The starblanket design is popular among the Indigenous peoples of the Plains region, particularly in quilted blanket designs, but also in other crafts. In the Plains Cree language, the word for star is atāhk and the word for blanket is akohp, so starblanket is atāhkakohp. Chief Ahtahkakoop, so named because “the stars blanketed the sky, more numerous and brighter than usual” the night he was born, was one of the first signatories of Treaty Six. Ahtahkakoop Cree Nation is named after the chief.

As explained in more depth in that article, these beautiful quilts lend themselves to math explorations. For example, and this will be familiar to anyone who had Problem Solving with me back in 2021: How many tiles are there in a Star Quilt? (I added that the answer should have *n* in it, although each person needed to specify what *n* represented.) I remember enjoying reading these solutions, and I think people liked coming up with them, too.

This rule is generally known as the First Digit Law, although it is also called Benford’s Law after Frank Benford (who himself called it “The Law of Anomalous Numbers” in a 1938 paper) or the Newcomb-Benford Law in recognition that Simon Newcomb had noted it more than 50 years earlier, in 1881, in “Note on the Frequency of Use of the Different Digits in Natural Numbers”.

There are also some restrictions on what kind of numbers follow the First Digit Law: According to Statistics How To:

Benford’s law doesn’t apply to every set of numbers, but it usually applies to large sets of naturally occurring numbers with some connection like:

- Companies’ stock market values,
- Data found in texts — like the Reader’s Digest, or a copy of Newsweek.
- Demographic data, including state and city populations,
- Income tax data,
- Mathematical tables, like logarithms,
- River drainage rates,
- Scientific data.

The law usually doesn’t apply to data sets that have a stated minimum and maximum, like interest rates or hourly wages. If numbers are assigned, rather than naturally occurring, they will also not follow the law. Examples of assigned numbers include: zip codes, telephone numbers and Social Security numbers.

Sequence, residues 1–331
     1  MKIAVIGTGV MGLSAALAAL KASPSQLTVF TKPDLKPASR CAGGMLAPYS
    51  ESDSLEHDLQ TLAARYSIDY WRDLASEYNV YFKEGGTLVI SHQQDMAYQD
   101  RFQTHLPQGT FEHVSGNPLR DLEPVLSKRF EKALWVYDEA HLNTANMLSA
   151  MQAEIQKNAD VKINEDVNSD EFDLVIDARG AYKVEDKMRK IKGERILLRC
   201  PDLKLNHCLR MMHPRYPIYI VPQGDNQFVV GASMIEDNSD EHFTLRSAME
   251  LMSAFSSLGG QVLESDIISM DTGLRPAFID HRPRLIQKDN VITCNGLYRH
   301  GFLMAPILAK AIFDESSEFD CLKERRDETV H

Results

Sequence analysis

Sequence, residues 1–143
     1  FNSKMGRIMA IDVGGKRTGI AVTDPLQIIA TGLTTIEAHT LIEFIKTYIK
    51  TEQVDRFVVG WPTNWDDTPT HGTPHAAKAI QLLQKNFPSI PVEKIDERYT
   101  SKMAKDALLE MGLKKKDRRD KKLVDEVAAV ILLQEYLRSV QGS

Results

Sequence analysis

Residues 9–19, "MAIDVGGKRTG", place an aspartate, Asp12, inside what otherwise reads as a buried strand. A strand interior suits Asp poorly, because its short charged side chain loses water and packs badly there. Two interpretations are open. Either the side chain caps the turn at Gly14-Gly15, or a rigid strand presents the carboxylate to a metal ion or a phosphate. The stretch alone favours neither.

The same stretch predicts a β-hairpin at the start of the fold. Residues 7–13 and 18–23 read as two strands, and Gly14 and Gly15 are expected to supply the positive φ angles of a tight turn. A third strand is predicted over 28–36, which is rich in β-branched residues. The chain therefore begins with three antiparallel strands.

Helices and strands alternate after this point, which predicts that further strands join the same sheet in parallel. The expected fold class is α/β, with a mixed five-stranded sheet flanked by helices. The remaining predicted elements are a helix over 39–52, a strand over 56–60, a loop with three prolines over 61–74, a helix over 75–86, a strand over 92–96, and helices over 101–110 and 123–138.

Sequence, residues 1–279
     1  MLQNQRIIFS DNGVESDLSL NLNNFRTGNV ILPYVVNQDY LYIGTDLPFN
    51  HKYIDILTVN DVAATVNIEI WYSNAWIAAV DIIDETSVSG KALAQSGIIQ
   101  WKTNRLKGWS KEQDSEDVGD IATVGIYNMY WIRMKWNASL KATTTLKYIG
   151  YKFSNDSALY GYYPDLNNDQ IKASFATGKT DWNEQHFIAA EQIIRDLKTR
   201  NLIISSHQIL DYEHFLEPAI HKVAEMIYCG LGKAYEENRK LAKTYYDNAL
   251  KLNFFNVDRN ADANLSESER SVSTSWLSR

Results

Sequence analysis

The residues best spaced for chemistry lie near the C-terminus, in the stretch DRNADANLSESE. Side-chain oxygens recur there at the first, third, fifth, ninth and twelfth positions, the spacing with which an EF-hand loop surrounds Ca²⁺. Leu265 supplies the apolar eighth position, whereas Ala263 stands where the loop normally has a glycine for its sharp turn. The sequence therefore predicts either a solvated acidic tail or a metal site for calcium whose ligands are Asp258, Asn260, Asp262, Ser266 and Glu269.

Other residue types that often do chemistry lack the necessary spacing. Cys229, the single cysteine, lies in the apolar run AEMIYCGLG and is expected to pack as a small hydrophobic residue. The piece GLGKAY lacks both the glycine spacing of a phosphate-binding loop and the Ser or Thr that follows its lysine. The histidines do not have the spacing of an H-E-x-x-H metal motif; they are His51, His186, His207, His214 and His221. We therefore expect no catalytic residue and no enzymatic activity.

(TwoPi, in a discussion about this, mentioned that books of logarithm tables tend to be dirtier in the beginning than at the end, in a visual application of the law.) According to J. Carlton Collins in the *Journal of Accounting* the data set should be somewhat large, at least 500 entries ideally. Still, it’s a pretty impressive rule, and one that doesn’t quite make intuitive sense to me.

So about catching criminals? Forensic accountants use this rule to catch people who falsify invoices, because falsified data doesn’t usually follow this expected pattern. Go math!

]]>The idea behind this is that when we talk about infinite sets, we say that they are the same size if there is a bijection between them (a function that is one-to-one and onto – that is, it exactly matches each object in the first set with an object in the second set). This leads to weird things, for example, like that there are the same number of integers as even integers. This is because the function:

f(n)=2n

exactly matches each integer to a unique even integer, so the two sets (integers and even integers) must have the same size. Which is weird, because half the integers are even, so you’d expect there to be twice as many integers as even integers. Infinity is weird.

But finding a map between the integers and the rational numbers is not trivial. One way to think about it is to put the numbers in each set in some sort of order, where if you count them, and you have a lot of time on your hands, you know you’ll reach each number in the set. For the integers it’s not too bad – you could count:

0, 1, -1, 2, -2, 3, -3, …..

but then the rationals are sneaky. How do you even put fractions in order? One way is to look first at the positive fractions and find a way, and there’s a pretty picture here of how to do that

So we could list the numbers as:

1/1, 2/1, 1/2, 1/3, (then skip over 2/2 because that’s the same as 1/1), 3/1, etc. If you look at the way the picture weaves back and forth, you will eventually list every positive rational number.

That gets us the positive rational numbers, and to get the rest we could alternative positive and negative, the way we did with the integers! So our listing would be:

0, 1/1, -1/1, 2/1, -2/1, 1/2, -1/2, etc.

Then, since you can list all the integers in an order, and you can list all of the rational numbers in an order, then you can match the first numbers in each list, the second in each list, etc. and see that there are the same number of integers as rational numbers!

Fun fact – we posted about infinities on our unofficial department blog back in 2008. I notice that a lot of those links are broken, but I’ll quote part that isn’t. Happy infinity!

]]>[Digression: for a cool description of the countability of the rationals, read Recounting the Rationals, part I and Recounting the Rationals, part II (fractions grow on trees!) at The Math Less Traveled, which is an exposition of the paper

Recounting the Rationalsby Neil Calkin and Herbert Wilf.)